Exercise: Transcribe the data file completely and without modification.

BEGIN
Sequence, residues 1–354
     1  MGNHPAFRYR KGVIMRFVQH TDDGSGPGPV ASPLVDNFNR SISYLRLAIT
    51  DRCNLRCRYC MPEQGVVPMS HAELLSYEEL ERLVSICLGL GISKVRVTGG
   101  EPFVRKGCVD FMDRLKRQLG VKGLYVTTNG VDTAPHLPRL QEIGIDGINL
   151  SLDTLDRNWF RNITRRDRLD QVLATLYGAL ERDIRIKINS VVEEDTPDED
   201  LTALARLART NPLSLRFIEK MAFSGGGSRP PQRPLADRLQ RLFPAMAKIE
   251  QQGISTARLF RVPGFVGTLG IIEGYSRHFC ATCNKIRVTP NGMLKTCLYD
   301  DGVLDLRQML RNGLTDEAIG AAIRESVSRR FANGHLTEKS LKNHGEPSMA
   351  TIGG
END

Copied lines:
Sequence, residues 1–354
     1  MGNHPAFRYR KGVIMRFVQH TDDGSGPGPV ASPLVDNFNR SISYLRLAIT
    51  DRCNLRCRYC MPEQGVVPMS HAELLSYEEL ERLVSICLGL GISKVRVTGG
   101  EPFVRKGCVD FMDRLKRQLG VKGLYVTTNG VDTAPHLPRL QEIGIDGINL
   151  SLDTLDRNWF RNITRRDRLD QVLATLYGAL ERDIRIKINS VVEEDTPDED
   201  LTALARLART NPLSLRFIEK MAFSGGGSRP PQRPLADRLQ RLFPAMAKIE
   251  QQGISTARLF RVPGFVGTLG IIEGYSRHFC ATCNKIRVTP NGMLKTCLYD
   301  DGVLDLRQML RNGLTDEAIG AAIRESVSRR FANGHLTEKS LKNHGEPSMA
   351  TIGG